$1.2m profit at Polaris as CEO hails changes

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  • Back on track: or a second consecutive year, Polaris, which owns Stevedoring Services Ltd, has made a profit of more than $1 million

    Back on track: or a second consecutive year, Polaris, which owns Stevedoring Services Ltd, has made a profit of more than $1 million

  • Stable results: Warren Jones, Polaris CEO

    Stable results: Warren Jones, Polaris CEO


Greater productivity and efficiencies at Hamilton docks have been key to Polaris Holding Company recording a full-year profit of $1.22 million.

It is the second consecutive year that the parent company of Stevedoring Services Ltd has posted positive figures above $1 million.

“In just two years Polaris reined in debt and cut spending; trimmed fat and built bridges, strengthening relations with staff, customers and other stakeholders,” said Cheryl Hayward-Chew, chairwoman of Polaris.

“Polaris invested in infrastructure and training, and through mutual respect, positive reinforcement, and a creative forward-looking focus, a company that a handful of years ago was ridiculed and written-off, has now been reinvented.”

The turnaround is remarkable in light of three years of straight losses from 2013 to 2015, which included a near $2 million loss in 2014.

In the year to the end of March, the company achieved 36,806 movements of 20ft equivalent containers — the highest number since 2010-11. Stevedoring revenue hit $10.9 million, higher than any of the past six years.

Earnings per share were $1.03, slightly down from last year’s $1.16. Polaris, which also owns Equipment Sales and Rentals Ltd and Mill Reach Holdings Ltd, is now debt free having settled its long-term loan.

The company was once blighted by stoppages and industrial unrest. Today it holds itself up as an example of what can be achieved through collaboration, dialogue and shared sacrifice between management and workers; so much so that it feels it can act in an advisory role to other businesses and organisations seeking to overcome similar challenges.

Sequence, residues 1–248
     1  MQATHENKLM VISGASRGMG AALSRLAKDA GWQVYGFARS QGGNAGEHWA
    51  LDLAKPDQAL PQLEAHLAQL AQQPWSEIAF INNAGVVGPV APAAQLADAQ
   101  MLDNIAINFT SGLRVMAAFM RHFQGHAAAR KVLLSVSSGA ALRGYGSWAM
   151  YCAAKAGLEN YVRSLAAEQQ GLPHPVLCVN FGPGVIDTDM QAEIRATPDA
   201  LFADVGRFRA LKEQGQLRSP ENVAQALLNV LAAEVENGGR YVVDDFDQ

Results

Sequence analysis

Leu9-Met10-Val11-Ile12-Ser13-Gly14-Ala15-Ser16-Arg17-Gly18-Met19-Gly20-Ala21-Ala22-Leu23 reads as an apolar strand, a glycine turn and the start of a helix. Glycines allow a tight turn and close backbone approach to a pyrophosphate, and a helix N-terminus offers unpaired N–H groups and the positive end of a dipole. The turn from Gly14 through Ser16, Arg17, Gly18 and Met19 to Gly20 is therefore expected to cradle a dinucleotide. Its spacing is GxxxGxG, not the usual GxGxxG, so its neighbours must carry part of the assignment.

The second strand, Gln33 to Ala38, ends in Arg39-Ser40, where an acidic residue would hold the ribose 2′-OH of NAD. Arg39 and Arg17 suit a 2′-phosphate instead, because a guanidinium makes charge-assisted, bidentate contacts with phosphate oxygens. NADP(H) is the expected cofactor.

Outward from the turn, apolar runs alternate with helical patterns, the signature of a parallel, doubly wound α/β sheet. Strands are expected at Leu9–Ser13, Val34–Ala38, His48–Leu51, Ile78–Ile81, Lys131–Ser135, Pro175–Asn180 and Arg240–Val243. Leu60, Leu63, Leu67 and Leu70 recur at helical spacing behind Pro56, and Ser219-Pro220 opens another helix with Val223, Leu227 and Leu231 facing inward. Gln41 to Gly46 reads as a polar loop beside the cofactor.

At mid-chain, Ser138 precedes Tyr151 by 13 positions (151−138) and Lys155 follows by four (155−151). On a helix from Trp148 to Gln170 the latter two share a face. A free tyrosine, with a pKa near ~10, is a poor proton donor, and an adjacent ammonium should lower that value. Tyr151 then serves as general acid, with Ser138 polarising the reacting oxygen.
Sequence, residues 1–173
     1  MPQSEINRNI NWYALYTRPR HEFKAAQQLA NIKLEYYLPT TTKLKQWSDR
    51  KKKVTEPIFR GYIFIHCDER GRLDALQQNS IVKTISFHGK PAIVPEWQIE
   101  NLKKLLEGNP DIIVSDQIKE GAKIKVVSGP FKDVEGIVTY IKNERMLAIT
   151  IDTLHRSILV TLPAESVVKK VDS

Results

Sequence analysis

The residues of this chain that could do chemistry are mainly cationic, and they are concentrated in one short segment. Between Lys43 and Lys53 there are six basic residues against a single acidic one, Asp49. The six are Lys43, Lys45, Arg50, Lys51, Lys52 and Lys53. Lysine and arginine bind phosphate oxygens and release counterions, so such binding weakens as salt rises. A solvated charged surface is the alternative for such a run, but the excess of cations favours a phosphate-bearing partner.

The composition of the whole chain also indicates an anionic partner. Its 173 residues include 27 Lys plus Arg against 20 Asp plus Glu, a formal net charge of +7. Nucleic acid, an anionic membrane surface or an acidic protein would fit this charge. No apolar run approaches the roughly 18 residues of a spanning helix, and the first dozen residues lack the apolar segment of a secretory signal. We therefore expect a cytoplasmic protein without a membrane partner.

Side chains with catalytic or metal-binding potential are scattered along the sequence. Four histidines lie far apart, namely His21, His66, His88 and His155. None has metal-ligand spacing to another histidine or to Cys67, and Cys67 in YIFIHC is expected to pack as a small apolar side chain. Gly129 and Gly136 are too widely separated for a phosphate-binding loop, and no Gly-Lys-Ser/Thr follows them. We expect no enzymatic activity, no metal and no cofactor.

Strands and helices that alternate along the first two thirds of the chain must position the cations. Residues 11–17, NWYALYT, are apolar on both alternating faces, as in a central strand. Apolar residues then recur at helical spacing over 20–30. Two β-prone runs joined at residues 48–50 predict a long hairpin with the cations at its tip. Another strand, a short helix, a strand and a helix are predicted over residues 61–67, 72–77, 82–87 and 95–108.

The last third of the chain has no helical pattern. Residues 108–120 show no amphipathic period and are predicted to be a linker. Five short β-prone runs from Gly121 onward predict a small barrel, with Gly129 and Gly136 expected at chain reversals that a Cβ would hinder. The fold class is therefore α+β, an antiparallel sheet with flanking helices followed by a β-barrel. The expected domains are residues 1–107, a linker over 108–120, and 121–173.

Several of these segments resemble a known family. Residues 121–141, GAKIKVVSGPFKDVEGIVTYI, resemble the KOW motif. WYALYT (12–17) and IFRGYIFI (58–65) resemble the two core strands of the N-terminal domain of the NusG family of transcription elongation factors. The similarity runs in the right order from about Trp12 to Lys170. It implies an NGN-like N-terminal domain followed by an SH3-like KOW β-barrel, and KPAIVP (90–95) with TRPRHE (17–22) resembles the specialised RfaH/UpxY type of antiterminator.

That, and its proven logistical and cargo-handling expertise, are avenues it is exploring as it looks to broaden its opportunities.

Warren Jones, chief executive officer, is proud of what has been achieved by the company during the past three years. He confidently states that when Hamilton is compared to the island’s other port facilities at St George’s, Dockyard and Morgan’s Point: “No one can do it better than us when it comes to shipping. We have the history and the customer support. No one can do it safer or more efficiently.”

Pointing to the financial results, which follow a $1.4 million profit in 2016, he said: “This is the second year in a row that we have been profitable. That starts to represent stability for a company that everyone once looked down on.

“When I came four years ago everything was broken, customers wanted out, the relationship between staff and workers was not working, and equipment did not work.”

Mr Jones is a former permanent secretary at the Ministry of Health, and was permanent secretary for Education when he was tapped for the CEO role at Polaris in late 2013. He knew he would face major challenges by taking the job, but he was prepared and willing to do so.

“I’m the person who likes difficult things,” he said, recalling the state of affairs four years ago when workers “would be downing tools at the drop of a hat”.

The economic downturn that affected Bermuda from the late 2000s until 2015 also dealt a significant blow to Polaris.

However, the company reacted to pain points of the recession by looking internally at how it could change its operations, and that included cultivating better relationships between unionised workers and management.

As a result, the docks are no longer the flashpoint for industrial action they once were. While outside disputes have occasionally affected dock operations, internal issues have been dealt with behind the gates, and through dialogue.

“The focus is on getting the job done. There is trust; the staff know they do not need to take action to get something done,” said Mr Jones.